Ragwort is thought to have purifying, sudorific and antipyretic properties. The plant is also regarded to have cooling and astringent effect.
Ragwort may be useful in treating burns, sores and eye infections and it may also be helpful as a gargle to treat mouth ulcers and sore throat. In addition, it is thought to ease the pain of bee stings.
A homeopathic preparation is made from the plant. It is used to treat a variety of health conditions such as intestinal worms, internal bleeding, menstrual disorders and other female related ailments.
Despite its medicinal properties ragwort is a highly poisonous plant that should never be used internally in any form or externally on open wounds. The plant can also cause skin rashes in sensitive people just by a simple touch.
Dosage and Administration
Ragwort should never be used internally and it is regarded to be unsuitable as a medicinal herb due to its toxicity. So any self-medication of the herb is advised against and can result in serious side effects.
Side Effects, Interactions and Toxicity of Ragwort
Most plant species in the genus Senecio are potentially poisonous, and ragwort is probably the one considered most dangerous.
The herb contains a wide range of toxic pyrrolizidine alkaloids and cyclic diesters. These substances are carcinogenic and can cause severe liver damage (necrosis and cirrhosis) both in humans and animals.
Domestic grazing livestock normally avoids the plant in pasture and fields but hay can easily become contaminated with ragweed and pose serious health concerns. The toxic alkaloids are not destroyed by drying and because the toxins accumulate in the body, small doses ingested over a long period of time can eventually lead to deadly poisoning.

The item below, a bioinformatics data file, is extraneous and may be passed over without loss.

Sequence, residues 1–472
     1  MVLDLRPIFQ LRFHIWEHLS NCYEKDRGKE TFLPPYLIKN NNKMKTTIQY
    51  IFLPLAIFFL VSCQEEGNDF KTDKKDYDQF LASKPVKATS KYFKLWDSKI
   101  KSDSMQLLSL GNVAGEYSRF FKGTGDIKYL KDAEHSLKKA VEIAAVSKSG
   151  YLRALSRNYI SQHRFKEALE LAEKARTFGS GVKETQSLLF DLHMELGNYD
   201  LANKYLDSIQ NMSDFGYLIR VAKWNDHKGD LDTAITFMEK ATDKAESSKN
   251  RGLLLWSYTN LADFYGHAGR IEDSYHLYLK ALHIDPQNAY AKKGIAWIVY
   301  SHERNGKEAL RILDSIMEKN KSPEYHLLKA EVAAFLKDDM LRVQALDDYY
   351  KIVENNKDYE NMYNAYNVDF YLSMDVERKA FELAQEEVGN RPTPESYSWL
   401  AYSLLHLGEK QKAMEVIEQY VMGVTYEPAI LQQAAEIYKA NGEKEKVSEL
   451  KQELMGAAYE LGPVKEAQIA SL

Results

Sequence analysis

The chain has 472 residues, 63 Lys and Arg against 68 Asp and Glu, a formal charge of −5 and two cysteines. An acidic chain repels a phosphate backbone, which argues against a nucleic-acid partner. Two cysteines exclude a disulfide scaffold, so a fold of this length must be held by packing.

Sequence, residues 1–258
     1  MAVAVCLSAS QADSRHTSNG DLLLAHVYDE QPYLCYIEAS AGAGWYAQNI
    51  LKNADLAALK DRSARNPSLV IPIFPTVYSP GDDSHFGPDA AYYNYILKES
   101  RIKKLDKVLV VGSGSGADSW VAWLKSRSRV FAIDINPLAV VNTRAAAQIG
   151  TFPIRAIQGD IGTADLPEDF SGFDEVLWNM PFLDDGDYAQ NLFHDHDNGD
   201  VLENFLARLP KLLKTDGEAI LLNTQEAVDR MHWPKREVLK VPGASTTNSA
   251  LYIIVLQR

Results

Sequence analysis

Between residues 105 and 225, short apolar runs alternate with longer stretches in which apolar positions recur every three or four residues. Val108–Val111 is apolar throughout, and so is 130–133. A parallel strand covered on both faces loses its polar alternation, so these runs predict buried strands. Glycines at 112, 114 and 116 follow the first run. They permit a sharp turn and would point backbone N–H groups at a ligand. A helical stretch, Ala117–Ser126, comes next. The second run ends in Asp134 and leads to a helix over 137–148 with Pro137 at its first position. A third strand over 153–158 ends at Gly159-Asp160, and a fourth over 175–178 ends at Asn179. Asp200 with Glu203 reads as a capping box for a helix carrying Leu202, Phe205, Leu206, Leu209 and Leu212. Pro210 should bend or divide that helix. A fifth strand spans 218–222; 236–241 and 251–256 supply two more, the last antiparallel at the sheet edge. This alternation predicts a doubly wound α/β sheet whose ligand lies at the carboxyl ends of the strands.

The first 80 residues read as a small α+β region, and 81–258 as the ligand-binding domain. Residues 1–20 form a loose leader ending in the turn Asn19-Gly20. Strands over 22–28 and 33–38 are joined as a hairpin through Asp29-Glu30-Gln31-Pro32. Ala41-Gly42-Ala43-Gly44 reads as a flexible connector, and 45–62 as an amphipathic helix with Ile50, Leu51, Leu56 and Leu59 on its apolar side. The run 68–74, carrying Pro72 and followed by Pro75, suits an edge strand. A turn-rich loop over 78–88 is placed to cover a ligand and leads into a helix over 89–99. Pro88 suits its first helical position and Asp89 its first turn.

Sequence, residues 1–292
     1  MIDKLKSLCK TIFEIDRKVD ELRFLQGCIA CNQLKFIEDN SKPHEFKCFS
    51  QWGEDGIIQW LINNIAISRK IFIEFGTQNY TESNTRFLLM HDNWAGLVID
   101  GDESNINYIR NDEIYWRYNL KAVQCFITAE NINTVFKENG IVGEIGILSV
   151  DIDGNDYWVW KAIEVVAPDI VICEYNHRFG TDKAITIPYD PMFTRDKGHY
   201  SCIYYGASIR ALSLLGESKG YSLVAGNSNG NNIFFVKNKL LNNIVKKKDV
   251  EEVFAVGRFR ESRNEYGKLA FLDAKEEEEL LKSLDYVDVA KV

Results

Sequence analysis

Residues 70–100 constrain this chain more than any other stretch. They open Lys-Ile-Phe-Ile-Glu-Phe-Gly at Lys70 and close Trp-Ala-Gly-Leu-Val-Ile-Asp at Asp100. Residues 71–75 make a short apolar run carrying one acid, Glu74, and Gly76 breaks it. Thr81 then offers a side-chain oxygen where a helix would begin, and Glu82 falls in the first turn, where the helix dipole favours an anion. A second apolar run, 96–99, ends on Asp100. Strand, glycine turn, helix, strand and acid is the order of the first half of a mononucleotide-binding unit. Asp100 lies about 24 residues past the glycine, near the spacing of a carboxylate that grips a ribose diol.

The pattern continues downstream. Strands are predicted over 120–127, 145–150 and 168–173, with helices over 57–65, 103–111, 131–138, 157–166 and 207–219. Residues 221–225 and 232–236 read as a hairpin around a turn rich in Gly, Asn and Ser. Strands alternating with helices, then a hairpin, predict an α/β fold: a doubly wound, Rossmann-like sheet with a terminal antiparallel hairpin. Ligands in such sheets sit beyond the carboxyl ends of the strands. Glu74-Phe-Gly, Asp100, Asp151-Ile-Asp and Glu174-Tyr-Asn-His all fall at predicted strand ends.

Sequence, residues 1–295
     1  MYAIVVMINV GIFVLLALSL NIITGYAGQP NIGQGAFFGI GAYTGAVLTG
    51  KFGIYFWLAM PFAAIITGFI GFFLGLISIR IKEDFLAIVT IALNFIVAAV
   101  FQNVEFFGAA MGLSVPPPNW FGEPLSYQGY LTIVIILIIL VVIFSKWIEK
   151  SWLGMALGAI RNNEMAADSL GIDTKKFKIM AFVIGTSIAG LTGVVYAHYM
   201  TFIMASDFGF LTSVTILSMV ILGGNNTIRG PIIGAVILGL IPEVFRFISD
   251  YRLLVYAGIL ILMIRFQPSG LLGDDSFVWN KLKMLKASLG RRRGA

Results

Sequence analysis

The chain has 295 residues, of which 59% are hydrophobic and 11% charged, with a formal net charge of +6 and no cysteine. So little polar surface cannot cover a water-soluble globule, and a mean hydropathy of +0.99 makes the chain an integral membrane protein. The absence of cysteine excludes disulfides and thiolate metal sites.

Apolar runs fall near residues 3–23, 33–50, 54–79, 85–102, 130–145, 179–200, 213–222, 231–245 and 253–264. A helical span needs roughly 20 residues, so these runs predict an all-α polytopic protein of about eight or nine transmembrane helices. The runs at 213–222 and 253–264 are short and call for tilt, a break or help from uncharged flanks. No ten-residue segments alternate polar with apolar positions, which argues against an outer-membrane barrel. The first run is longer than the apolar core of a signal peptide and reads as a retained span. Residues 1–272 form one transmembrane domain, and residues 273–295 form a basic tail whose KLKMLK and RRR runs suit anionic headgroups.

Symptoms of ragwort poisoning in animals are digestion system failure, restlessness, hepatitis, blindness, shaking of legs or leg tremors and eventually total collapse. These symptoms can appear in few days to several weeks or even months. Once the symptoms have manifested, the animals usually die within days.
In the 1930s it was discovered that the so-called “Pictou cattle disease“, a liver disease particularly affecting cows, was due to ragwort.
In several countries, serious poisoning in humans has been reported when food grains have been contaminated with seeds from different Senecio species.
Some researchers believe that the high rate of liver cancer in rural Africa is caused by large amounts of ragweed in uncleaned bread grains.
Symptoms of poisoning in humans can be abdominal pain, nausea, vomiting, headache, enlarged liver, apathy and abnormal weight loss.
People have also been poisoned indirectly by consuming milk or honey that is contaminated with ragwort.
There is no specific treatment for ragwort poisoning, only general symptom relief and treatment of digestive disorders and liver damage.
Like so many plants in the daisy family (Asteraceae), ragwort can cause an allergic reaction (contact dermatitis) in sensitive people.
Barker, Julian: The Medicinal Flora of Britain & Northwestern Europe. Kent, Winter Press 2001.
Bown, Deni: The Royal Horticultural Society New Encyclopedia of Herbs & Their Uses. London, Dorling Kindersley 2002.
Hatfield, Gabrielle: Hatfield’s Herbal. London, Allen Lane 2007.
Stary, Frantisek & Zdenek Berger: Poisonous Plants. Leicester, Magna Books 1995.
Turner, Nancy J. and Adam F. Szczawinski: Common Poisonous Plants and Mushrooms of North America. Portland, Timber Press 1997.
Williamson, Elisabeth M.: Potter’s Herbal Cyclopedia. Essex, Saffron Walden 2003.
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My great grandfater smoked dry ragwort and other plants in his pipe. He lived to be 96 and cycled up to that age.